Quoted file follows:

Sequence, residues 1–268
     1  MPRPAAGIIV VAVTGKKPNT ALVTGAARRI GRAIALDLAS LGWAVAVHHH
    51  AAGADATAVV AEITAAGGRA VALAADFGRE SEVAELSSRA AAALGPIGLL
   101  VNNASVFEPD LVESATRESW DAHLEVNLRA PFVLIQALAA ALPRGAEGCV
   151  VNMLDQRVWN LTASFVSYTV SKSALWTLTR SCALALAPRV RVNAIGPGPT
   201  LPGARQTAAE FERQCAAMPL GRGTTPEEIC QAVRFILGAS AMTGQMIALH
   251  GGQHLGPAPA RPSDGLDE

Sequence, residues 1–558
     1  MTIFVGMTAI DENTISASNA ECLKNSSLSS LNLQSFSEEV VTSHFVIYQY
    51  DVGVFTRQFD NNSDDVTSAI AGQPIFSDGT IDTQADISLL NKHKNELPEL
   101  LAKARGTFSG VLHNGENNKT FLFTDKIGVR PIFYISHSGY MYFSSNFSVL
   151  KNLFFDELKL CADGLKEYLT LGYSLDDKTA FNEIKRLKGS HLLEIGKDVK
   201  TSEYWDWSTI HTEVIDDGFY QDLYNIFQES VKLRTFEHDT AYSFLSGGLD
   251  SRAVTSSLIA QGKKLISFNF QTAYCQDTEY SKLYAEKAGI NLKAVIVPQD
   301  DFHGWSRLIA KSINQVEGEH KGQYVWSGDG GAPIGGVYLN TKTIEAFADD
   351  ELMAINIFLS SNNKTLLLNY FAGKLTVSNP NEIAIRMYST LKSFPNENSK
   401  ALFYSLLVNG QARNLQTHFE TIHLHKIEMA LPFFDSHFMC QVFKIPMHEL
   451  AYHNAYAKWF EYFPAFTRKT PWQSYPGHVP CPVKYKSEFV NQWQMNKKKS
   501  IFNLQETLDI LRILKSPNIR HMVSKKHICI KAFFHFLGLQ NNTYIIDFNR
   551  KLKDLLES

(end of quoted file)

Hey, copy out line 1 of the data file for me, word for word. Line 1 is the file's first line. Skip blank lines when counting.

Sequence, residues 1–268